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Toronto (Feb. 18, 2007) - RoseAnn Pacheco is angry with herself for ignoring her health for the last 30 years. Now widowed with three grown children and a rewarding career in healthcare, RoseAnn is trying to make the management of her diabetes a priority in her life. After being diagnosed with Type II diabetes a year ago, RoseAnn decided she needed to take charge of her health and reduce her risk of developing and dying from a heart attack or stroke.
"I was actually quite angry with myself. Being a nurse, I should have known better. I wasn't eating properly. I wasn't doing enough exercise and my weight was going up. I should have been on top of that and I wasn't," says RoseAnn.
RoseAnn enrolled last fall in the Diabetes Exercise and Healthy Lifestyle Service at Toronto Rehab's Cardiac Rehabilitation and Secondary Prevention Program, and has experienced an increase in her energy, her strength and her endurance while exercising. On Saturday, February 17, 2007, RoseAnn will join current and former patients of Toronto Rehab's Cardiac Rehabilitation and Secondary Prevention Program and their friends and family for the Toronto Rehab Foundation's 4th annual On Track to Cardiac Recovery fundraising walk in support of the program's diabetes service and diabetes related research. Toronto Rehab's indoor walk-a-thon is a fun event for the whole family and encourages a healthy lifestyle including exercise and good eating habits, measures that can reduce the risk of heart disease in people of all ages.
Diabetes is a progressive disease, and a difficult one to manage, even after diagnosis. Diabetes can lead to life-threatening complications.
"When diabetes is left uncontrolled, the risk of developing complications like cardiovascular diseases, the most common complication of diabetes, is a serious threat to a woman's health," says Catherine Statton, Program Coordinator for the Diabetes Exercise and Healthy Lifestyle Service. "A lot of women juggle so many things that their health often takes a back seat. This is the worst situation to be in if you have diabetes because you cannot bank your health and get back to it later."
"We all think, well, I'm 50, I'm 60, it's too late. What's going to happen will happen. But you can actually reverse some of the damage that's happened. And you can certainly prevent anything that might happen from happening. It's never too late to start," says RoseAnn.
Patients attending Toronto Rehab's diabetes service learn how to safely and effectively make exercise part of their daily routines and how to make the lifestyle modifications necessary to take control of their disease and of their lives.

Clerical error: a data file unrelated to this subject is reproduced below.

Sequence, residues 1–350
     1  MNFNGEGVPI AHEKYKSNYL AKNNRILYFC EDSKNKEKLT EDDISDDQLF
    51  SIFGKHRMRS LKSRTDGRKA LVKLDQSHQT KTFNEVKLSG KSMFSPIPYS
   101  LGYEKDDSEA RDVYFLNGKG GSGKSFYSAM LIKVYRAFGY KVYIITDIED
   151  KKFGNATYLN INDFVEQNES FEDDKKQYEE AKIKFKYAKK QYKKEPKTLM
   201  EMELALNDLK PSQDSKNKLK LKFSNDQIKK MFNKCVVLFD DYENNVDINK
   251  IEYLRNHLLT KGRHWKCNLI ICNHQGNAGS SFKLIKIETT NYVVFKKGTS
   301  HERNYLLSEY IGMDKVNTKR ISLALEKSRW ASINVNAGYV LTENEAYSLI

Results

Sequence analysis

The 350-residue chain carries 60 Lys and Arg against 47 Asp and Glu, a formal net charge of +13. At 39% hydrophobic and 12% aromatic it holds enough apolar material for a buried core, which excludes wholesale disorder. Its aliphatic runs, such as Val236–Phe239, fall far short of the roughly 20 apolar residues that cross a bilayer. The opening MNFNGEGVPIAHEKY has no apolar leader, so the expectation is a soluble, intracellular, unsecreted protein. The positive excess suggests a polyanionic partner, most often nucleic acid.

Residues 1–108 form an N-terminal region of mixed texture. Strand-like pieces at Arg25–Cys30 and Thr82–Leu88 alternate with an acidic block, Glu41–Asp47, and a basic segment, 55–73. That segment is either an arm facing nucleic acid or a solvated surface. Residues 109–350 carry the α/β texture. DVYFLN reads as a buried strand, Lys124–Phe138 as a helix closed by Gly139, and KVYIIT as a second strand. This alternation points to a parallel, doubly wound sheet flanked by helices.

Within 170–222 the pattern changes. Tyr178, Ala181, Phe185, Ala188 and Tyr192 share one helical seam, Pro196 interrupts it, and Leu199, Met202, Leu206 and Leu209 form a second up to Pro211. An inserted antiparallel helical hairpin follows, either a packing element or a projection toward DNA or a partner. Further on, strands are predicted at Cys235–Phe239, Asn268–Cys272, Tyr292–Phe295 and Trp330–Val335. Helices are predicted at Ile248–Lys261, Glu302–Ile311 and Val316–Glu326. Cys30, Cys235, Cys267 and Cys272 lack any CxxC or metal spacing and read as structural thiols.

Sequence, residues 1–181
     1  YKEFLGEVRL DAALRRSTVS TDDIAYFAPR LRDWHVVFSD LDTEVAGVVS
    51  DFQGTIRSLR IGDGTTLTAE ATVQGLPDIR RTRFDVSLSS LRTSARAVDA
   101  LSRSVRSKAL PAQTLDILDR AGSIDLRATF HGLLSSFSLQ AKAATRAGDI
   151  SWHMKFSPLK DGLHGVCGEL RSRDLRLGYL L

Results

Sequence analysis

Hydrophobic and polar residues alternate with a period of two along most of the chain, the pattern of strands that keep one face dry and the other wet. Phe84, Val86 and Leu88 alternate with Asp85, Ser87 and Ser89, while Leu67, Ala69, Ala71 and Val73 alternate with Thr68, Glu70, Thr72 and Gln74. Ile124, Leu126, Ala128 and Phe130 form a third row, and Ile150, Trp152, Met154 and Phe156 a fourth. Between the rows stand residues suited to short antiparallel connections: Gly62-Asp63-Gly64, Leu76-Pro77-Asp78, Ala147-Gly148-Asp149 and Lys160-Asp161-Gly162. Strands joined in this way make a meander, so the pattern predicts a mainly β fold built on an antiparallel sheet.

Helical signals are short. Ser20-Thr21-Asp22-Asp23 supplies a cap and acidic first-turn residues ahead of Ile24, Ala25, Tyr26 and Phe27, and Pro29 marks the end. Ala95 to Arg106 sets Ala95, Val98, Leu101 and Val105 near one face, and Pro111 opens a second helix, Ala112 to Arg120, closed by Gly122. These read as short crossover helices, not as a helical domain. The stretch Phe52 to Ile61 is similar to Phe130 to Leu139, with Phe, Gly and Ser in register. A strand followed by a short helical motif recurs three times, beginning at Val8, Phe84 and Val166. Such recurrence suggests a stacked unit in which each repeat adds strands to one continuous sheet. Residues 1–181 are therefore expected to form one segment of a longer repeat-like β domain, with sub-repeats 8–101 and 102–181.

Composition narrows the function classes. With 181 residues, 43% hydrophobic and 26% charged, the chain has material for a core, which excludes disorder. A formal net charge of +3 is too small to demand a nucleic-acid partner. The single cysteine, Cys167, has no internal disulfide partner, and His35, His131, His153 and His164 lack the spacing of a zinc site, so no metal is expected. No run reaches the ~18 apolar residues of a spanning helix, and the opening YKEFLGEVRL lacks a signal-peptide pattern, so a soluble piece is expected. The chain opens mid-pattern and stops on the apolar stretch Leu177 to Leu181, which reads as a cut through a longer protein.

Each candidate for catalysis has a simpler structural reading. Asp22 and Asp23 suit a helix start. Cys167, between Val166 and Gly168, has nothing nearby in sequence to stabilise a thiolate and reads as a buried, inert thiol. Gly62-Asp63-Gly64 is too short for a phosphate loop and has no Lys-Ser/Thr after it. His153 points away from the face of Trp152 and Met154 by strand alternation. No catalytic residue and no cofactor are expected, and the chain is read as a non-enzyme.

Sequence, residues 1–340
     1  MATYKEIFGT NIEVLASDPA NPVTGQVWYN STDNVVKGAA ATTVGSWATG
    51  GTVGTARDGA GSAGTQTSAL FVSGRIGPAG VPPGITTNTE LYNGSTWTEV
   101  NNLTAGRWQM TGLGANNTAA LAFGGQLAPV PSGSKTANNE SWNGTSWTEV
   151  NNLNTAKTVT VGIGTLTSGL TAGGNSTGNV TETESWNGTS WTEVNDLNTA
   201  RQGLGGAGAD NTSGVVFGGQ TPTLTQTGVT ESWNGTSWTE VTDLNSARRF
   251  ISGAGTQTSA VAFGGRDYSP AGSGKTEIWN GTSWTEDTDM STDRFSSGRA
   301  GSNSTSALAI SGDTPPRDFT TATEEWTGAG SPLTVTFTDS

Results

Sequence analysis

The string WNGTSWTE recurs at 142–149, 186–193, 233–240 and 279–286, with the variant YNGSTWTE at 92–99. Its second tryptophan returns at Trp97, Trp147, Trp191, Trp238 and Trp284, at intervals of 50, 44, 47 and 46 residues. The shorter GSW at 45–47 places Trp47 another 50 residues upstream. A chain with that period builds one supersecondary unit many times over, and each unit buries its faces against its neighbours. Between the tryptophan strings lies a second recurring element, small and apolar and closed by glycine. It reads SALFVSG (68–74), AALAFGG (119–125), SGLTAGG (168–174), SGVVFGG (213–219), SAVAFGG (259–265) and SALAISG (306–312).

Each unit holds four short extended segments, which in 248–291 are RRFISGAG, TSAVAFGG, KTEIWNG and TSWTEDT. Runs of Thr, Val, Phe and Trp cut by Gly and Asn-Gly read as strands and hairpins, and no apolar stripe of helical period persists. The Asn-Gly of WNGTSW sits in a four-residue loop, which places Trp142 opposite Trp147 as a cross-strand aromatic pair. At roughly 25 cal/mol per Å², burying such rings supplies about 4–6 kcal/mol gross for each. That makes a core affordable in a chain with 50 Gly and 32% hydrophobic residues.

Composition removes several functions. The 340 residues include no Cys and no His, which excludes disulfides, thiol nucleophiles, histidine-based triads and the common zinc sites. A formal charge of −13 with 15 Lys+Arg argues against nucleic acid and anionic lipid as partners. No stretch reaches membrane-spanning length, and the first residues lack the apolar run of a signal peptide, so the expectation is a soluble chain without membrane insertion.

"As a way to better manage their health, we help women with diabetes develop strategies and coping styles so that exercise can more easily fit into their very busy lives," says Catherine. "In addition to coming to Toronto Rehab once a week, we encourage our patients to set aside time for a walk or to meet other women to exercise together during the week."
According to preliminary results of a diabetes and exercise study conducted by Toronto Rehab researchers and clinicians, patients with diabetes who adhered to the structured exercise program saw improvements in their blood sugar levels, their cardiovascular endurance, and they lost weight.
"This program forced me to realize that if I don't take care of myself then I'm not helping my children because I'm giving them bad examples and if I don't take care of myself, I may not be there for them. You've got to make the time. It has really, really helped me."
The Toronto Rehab Foundation along with a volunteer committee of former patients, have set a fundraising goal of $100,000 for the 2007 On Track to Cardiac Recovery. In the past four years, this event has raised close to $165,000 for cardiac rehab research.
For information on how to support the walk or to make a donation to Toronto Rehab's Cardiac Rehabilitation and Secondary Prevention Program in support of the program's diabetes service and diabetes related research, please visit the Toronto Rehab Foundation.
The presenting sponsor of the Toronto Rehab Foundation's 4th annual On Track to Cardiac Recovery fundraising walk is the Dominion of Canada General Insurance Company, one of Canada's oldest and largest property and casualty insurers.
The Toronto Rehabilitation Institute (Toronto Rehab) is at the forefront of one of the most important and emerging frontiers in health care today and rehabilitation science. As a fully affiliated teaching and research hospital of the University of Toronto, Toronto Rehab is Canada's largest provider of adult rehabilitation services, complex continuing care, and long-term care. Toronto Rehab is advancing rehabilitation knowledge and practice through research, education and patient care.
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